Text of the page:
It’s a long, long jump from promising results in animal studies to anything like a useful treatment for humans, but researchers are making progress toward genetic treatments for a number of diseases. Now, a research team at the University of Florida is reporting that they have used a form of gene therapy to ward off high blood pressure in rats. Not only does the therapy permanently alter the animals’ DNA blueprint, but it also prevents the animals’ offspring from inheriting the disorder.
The advance represents the first time researchers have been able to protect future generations through gene therapy for any condition, says Dr. Mohan K. Raizada, a molecular physiologist who was one of the lead investigators. Other studies have shown random bits of inserted genes can be passed on but with no therapeutic effect.
The new approach involves using special genes to block the action of a sometimes-harmful hormone, angiotensin, which causes blood vessels to narrow, increasing blood pressure. The findings of Dr. Raizada and his colleagues will be published in Circulation Research: Journal of the American Heart Association.
Passing Along Benefits
“The neat part of this study is we’re able to show both the effects on high blood pressure as well as on the organs involved in the control of blood pressure,” says Raizada. “We have shown that this form of gene therapy not only prevents these animals from developing high blood pressure, but also prevents a lot of other types of pathophysiological changes in the heart, the kidney, and the arteries.”
What’s more, after studying two subsequent generations of rats, researchers discovered the beneficial changes were passed on. Those offspring should have had high blood pressure but didn’t, says Dr. Craig H. Gelband, a vascular biologist, also with the university, who worked on the study with Raizada. They collaborated with Michael J. Katovich, in the university’s College of Pharmacy. The project was funded by the National Institutes of Health and the American Heart Association’s Florida affiliate.
How They Did It
The hormone responsible for regulating blood pressure, angiotensin, acts at specialized sites known as receptors, located on the surface of cells. During their study, the researchers rewrote the genetic message that typically orchestrates the creation of these sites. They then packaged the genetic material into a virus modified so it wouldn’t cause illness and injected it into the rats. The virus transported the genetic material into the rats’ cells, instructing them to halt production of the hormone’s receptor sites.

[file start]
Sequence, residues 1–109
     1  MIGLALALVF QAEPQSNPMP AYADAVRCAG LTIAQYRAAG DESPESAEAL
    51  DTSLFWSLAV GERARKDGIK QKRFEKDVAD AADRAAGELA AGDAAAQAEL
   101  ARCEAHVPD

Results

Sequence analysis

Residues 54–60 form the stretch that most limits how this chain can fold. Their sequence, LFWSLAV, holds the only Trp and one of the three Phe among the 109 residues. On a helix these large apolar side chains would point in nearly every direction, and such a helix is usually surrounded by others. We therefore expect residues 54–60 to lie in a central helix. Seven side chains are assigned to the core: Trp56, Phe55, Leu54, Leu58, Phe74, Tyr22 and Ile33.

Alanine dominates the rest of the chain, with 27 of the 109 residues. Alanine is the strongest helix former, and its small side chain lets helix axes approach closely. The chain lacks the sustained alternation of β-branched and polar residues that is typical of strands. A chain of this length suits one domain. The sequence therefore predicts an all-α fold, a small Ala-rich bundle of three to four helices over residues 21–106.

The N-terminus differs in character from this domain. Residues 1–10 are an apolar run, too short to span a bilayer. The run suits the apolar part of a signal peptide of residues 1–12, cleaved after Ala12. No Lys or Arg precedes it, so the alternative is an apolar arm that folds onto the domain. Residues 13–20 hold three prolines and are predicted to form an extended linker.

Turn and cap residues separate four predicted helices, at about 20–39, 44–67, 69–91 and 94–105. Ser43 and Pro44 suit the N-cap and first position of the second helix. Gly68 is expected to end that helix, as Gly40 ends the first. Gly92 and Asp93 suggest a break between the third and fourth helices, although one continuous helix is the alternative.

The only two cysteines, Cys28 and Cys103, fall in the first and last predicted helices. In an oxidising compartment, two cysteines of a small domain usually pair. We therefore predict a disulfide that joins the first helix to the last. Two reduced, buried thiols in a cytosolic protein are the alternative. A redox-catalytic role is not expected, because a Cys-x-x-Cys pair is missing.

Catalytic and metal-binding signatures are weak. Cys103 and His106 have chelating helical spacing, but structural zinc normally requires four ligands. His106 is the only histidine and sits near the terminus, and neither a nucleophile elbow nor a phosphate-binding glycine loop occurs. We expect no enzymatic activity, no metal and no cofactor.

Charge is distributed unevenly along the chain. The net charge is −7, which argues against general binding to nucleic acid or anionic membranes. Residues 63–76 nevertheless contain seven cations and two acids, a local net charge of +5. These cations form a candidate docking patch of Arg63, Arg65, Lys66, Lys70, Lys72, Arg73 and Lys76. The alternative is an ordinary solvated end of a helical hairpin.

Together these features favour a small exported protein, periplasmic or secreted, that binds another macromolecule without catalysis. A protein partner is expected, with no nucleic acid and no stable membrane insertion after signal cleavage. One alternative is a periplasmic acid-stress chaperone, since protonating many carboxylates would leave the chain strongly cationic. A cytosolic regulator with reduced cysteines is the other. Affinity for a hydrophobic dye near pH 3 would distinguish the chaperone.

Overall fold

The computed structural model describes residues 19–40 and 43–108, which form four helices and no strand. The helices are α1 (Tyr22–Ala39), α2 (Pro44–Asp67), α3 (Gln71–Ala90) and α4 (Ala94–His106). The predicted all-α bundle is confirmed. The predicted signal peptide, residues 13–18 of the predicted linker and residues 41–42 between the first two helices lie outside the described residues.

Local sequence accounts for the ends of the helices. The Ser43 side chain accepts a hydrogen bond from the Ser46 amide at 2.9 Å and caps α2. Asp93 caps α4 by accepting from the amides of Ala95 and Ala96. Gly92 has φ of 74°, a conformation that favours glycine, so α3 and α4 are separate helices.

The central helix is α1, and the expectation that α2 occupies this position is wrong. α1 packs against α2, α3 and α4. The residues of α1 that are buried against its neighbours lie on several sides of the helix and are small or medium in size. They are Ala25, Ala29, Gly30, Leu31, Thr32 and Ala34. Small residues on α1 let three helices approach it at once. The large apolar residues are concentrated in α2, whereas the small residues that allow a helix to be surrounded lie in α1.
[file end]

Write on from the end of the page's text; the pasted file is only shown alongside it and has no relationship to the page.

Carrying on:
Gelband notes that unlike most other viruses tested in gene therapy, the one his team used appears to act differently once it enters a cell’s nucleus.”
“We’ve shown that our vehicle for the gene therapy, a retrovirus, actually integrates into the animals’ DNA, and this may be the reason why it gets passed on to the next generations,” Gelband says.
Real-World Application Far Off
“For human application now, this research is certainly not applicable,” says Dr. A. J. Marian, assistant professor of medicine in the Baylor College of Medicine in Houston, who has studied genetic treatments for cardiovascular problems. “There are a number of leaps that would have to happen before this could have broad application.”
Dr. Marian says that in humans, hypertension is multifactorial, and that there are a number of genes likely to be involved.
“This is certainly exciting work to show that the genetic modification was inheritable,” he says. “It also is interesting that it shows that these genes do have control of hypertension, but the concept that you can pass this protection among generations of human populations is not realistic at this point.”
However, Dr. Marian says the first real-world applications of genetic treatments probably will come in the next 5 years for cardiovascular diseases.
“Our observations are very exciting in the sense that for the first time there is a possibility of permanent control of high blood pressure involving gene therapy,” says Raizada. “Where that leads to as far as human therapy is concerned is far away. We have many hurdles to jump. For example, our studies have shown we can prevent the development of high blood pressure. But in humans, there are no gene markers to define that a person is going to develop high blood pressure. The key would be to find therapies that would reverse high blood pressure once it has been established.”
To date, gene therapy in humans has been limited to trying to correct existing disease in a way that does not permanently alter a person’s DNA makeup. Raizada notes that before US policy would ever change to allow such studies in people, a wide range of scientists, ethicists, and public-policy specialists would debate the issue, taking into account the implications of changing patterns of heredity.
“We as scientists have got to be very careful,” Raizada says. “What are the physiological consequences? We must not predispose ourselves to thinking there are no side effects to permanent changes, and we should always guard for that.”
The Reality Of High Blood Pressure
An estimated 50 million Americans battle high blood pressure, according to the national Centers for Disease Control and Prevention. The condition affects almost all the body’s vital organs, particularly the heart and kidneys, changing their structure and altering their ability to function properly. It is a major risk factor for stroke, hardening of the arteries, heart failure, heart disease, and kidney damage. Medication controls high blood pressure in many patients, but it can sometimes cause adverse effects such as persistent cough or even low blood pressure.
Article by: John Casey, Medical Writer